I remember well my first Halloween in Japan, mostly because I was invited to speak about it at a junior high.

Trick or treating? Kids in sheets with peep holes? Jack O’ Lanterns? I might have been lecturing about life on Mars.

And now? Now Halloween has carved its own niche in the Japanese holiday pantheon. Maybe it’s not the same as back home, but Halloween has nevertheless arrived. Witness all the decoration in stores. These days when it comes to Halloween, Japanese kids could lecture me. Just goes to show you how things have changed.

As for that other choco-holiday — Valentine’s Day — it was already a hit when I arrived. Even back then — the mid ’70s — girls were pushing chocolate at guys. That was a bit different from the States, but nothing I couldn’t get used to. Almost 40 years later, I still gain 2.5 kg each February. Just goes to show you how things haven’t changed.

And, naturally, those are not the only things that have changed/haven’t changed over the last many decades.

Take the trains . . .

Then . . . the wickets were all manned. At each one would stand — or rather slouch — a uniformed representative of the train company. This fellow’s earnest task was to clip each passenger’s ticket with a metal punch, a job no doubt earned by virtue of a college degree.

Now . . . those workforce stalwarts have been replaced by machines, a comment perhaps on the value of education. I sometimes wonder what the train company did with all those punchers — both man and metal.

What’s the same? The rush hour crunch — not enough seats, not enough space, not enough air, with bodies jammed together like marshmallows. Even now, rush hour is never rushed enough. It always takes too long.

Fast food chains . . .

Then . . . the Colonel, McDonald’s and so on served as emotional links to the faraway West. And such “home cooking” wasn’t just around the corner. In 1976, for example, there was but one McDonald’s in all of Kyushu.

Now . . . my local train station alone features three separate McDonald’s, not to mention every quick form of fried chicken known to man. Yet, now these eateries mostly serve as links to indigestion.

What’s the same? Prices. Indigestion may not be good, but at least it’s affordable.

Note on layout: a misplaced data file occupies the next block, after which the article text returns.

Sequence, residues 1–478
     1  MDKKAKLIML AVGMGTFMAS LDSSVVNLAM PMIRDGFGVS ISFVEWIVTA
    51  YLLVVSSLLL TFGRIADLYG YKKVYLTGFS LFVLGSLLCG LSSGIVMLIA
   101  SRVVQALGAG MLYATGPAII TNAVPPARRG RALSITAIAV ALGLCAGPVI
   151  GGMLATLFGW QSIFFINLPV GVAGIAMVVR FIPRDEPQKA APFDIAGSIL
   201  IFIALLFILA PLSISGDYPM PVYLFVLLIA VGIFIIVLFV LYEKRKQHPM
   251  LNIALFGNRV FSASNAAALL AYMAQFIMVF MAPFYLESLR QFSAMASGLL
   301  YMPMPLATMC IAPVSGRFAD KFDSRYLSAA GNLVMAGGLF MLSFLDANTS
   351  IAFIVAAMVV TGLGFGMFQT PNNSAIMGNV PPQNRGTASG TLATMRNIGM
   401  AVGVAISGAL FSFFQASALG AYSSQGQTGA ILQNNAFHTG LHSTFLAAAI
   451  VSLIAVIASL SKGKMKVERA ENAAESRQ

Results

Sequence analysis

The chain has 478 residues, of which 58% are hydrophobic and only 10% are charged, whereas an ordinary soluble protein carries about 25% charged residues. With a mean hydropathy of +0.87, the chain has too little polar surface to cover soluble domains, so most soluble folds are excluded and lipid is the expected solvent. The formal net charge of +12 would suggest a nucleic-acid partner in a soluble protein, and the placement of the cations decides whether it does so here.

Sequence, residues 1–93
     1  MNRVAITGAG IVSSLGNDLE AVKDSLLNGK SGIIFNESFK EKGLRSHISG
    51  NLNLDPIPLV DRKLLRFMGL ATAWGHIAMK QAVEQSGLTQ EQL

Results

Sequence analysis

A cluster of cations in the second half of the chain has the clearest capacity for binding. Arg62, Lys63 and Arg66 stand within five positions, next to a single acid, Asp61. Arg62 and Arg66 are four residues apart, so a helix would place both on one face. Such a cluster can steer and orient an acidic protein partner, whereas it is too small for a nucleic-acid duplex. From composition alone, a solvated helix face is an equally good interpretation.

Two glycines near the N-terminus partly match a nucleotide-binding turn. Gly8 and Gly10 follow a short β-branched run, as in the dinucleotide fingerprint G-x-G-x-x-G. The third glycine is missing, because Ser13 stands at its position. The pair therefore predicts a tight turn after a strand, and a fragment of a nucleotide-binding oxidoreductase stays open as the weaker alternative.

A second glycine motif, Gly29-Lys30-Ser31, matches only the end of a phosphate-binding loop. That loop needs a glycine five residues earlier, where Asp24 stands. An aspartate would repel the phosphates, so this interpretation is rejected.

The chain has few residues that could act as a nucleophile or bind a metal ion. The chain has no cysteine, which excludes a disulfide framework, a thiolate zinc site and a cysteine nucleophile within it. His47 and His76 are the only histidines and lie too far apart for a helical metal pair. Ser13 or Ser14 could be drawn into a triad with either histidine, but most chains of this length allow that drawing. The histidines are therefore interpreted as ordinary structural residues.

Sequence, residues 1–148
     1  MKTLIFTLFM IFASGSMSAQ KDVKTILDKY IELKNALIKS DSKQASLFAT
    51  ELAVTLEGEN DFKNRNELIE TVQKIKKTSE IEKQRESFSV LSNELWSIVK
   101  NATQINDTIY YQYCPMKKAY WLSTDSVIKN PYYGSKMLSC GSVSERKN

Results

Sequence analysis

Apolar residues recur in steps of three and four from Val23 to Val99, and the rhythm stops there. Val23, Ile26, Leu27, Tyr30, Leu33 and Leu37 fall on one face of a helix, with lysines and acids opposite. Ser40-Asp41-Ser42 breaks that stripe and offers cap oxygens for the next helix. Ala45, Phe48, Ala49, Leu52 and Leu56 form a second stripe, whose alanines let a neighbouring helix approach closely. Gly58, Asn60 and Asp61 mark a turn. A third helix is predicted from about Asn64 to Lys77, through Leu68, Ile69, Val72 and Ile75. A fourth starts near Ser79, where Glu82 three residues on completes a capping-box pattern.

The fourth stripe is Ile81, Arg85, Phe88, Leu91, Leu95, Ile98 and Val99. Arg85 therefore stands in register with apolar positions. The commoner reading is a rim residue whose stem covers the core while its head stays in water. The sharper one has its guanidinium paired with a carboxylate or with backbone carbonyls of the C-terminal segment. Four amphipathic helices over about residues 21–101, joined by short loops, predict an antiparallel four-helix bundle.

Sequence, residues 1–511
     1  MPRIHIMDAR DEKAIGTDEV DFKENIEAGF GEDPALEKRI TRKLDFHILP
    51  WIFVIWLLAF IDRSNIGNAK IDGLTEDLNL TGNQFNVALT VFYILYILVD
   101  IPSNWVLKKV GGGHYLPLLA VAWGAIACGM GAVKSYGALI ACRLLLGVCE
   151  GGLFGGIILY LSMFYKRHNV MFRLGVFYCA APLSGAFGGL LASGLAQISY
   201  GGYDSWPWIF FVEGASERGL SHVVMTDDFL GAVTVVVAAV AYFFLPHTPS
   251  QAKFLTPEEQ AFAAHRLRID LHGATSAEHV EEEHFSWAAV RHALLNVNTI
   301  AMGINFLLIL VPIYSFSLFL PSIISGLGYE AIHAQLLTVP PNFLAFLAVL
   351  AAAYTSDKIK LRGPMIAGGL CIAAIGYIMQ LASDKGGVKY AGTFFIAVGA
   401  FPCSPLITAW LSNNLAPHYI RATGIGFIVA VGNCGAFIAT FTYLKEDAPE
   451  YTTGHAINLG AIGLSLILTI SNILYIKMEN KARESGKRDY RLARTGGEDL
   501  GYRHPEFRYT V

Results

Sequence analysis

Fashion . . .

Then . . . cosplay was reserved for singing idols, whose outlandish outfits made must-watch TV. Everyone else was mostly in uniform, staid uniforms too. Almost no one dyed their hair, and those that did all showed a “magic marker” type effect.

Now . . . Japan has loosened up and keeps getting looser. Diet members drop neckties in summer. Fashion designers tinker with school uniforms. And the biggest fashion statement of all? A coed without dyed hair.

What’s the same? Comparing photos from then and now, the clothing is clearly different. Yet . . . everyone still has fingers raised in that infernal peace sign.

Shopping . . .

Then . . . shopping? If not for food, I didn’t bother. Japan didn’t offer my sizes. Instead, I would haul back suitcases of clothing and shoes from each trip home.

Now . . . Japanese have grown upward and outward and I now have plentiful options, with clothing, shoes or whatever. If only I could stand the crowds, I might live in the stores. As it is — another change — I prefer browsing online.

What’s the same? I still lug back suitcases of goods from each trip stateside. Where my humble yen carries quite a swagger.

Sports . . .

Then . . . then there was baseball. More aptly, Yomiuri Giants baseball. When asked to name their favorite teams, 24 boys in a class of 25 answered, “The Giants.” The other boy, the class clown, coughed out, “Nippon Ham,” to explosive laughter. Sumo had but one foreigner — Takamiyama — who at that stage of his career was sort of a clown as well. J League soccer did not exist.

Now . . . now almost as many Japanese follow the ups and downs of their ballplayers in the States as they do those at home, where the Giants are still the reigning popular monarch. But they are no longer dictators. Meanwhile, foreign wrestlers rule sumo and Japanese wrestlers are clowns. No matter. Soccer is more popular than anything.

What’s the same? Japan remains plumb loco for sports. Sports hype is so thick it could be dumped into the sea and used to reclaim land.

English . . .

Then . . . foreign residents were, in the eyes of some, walking English lessons. I might be hailed anytime, anywhere by the call, “Hi! May I speak English with you?” Not so hard to understand, as schoolteachers who spoke passable English were as rare as unicorns. Of course, this supply/demand situation led to plentiful jobs.

Now . . . no one has approached me to speak English in over 20 years. And schoolteachers who cannot speak passable English are an endangered species. As for jobs, foreign instructors now need some qualification beyond being born an English speaker.

What the same? Japanese still have trouble with “r”s and “l”s. How do I know? Just this sign, with the greeting of the season . . .

Happy Harroween everyone!

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